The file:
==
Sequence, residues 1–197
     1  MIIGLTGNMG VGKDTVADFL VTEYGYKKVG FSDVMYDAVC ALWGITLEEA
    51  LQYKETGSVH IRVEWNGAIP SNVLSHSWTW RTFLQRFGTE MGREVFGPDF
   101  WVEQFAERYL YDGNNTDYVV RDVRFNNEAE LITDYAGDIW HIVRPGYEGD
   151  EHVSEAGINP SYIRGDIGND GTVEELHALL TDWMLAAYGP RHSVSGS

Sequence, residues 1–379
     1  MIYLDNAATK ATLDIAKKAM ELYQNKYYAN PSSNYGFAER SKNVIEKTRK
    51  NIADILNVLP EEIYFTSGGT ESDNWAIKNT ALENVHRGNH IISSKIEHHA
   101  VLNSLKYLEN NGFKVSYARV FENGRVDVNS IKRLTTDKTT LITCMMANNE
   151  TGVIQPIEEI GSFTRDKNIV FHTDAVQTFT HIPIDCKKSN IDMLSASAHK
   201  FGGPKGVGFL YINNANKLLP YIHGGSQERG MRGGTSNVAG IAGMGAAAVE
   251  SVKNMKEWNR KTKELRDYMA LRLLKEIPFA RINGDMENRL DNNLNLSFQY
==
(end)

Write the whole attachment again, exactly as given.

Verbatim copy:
Sequence, residues 1–197
     1  MIIGLTGNMG VGKDTVADFL VTEYGYKKVG FSDVMYDAVC ALWGITLEEA
    51  LQYKETGSVH IRVEWNGAIP SNVLSHSWTW RTFLQRFGTE MGREVFGPDF
   101  WVEQFAERYL YDGNNTDYVV RDVRFNNEAE LITDYAGDIW HIVRPGYEGD
   151  EHVSEAGINP SYIRGDIGND GTVEELHALL TDWMLAAYGP RHSVSGS

Sequence, residues 1–379
     1  MIYLDNAATK ATLDIAKKAM ELYQNKYYAN PSSNYGFAER SKNVIEKTRK
    51  NIADILNVLP EEIYFTSGGT ESDNWAIKNT ALENVHRGNH IISSKIEHHA
   101  VLNSLKYLEN NGFKVSYARV FENGRVDVNS IKRLTTDKTT LITCMMANNE
   151  TGVIQPIEEI GSFTRDKNIV FHTDAVQTFT HIPIDCKKSN IDMLSASAHK
   201  FGGPKGVGFL YINNANKLLP YIHGGSQERG MRGGTSNVAG IAGMGAAAVE
   251  SVKNMKEWNR KTKELRDYMA LRLLKEIPFA RINGDMENRL DNNLNLSFQY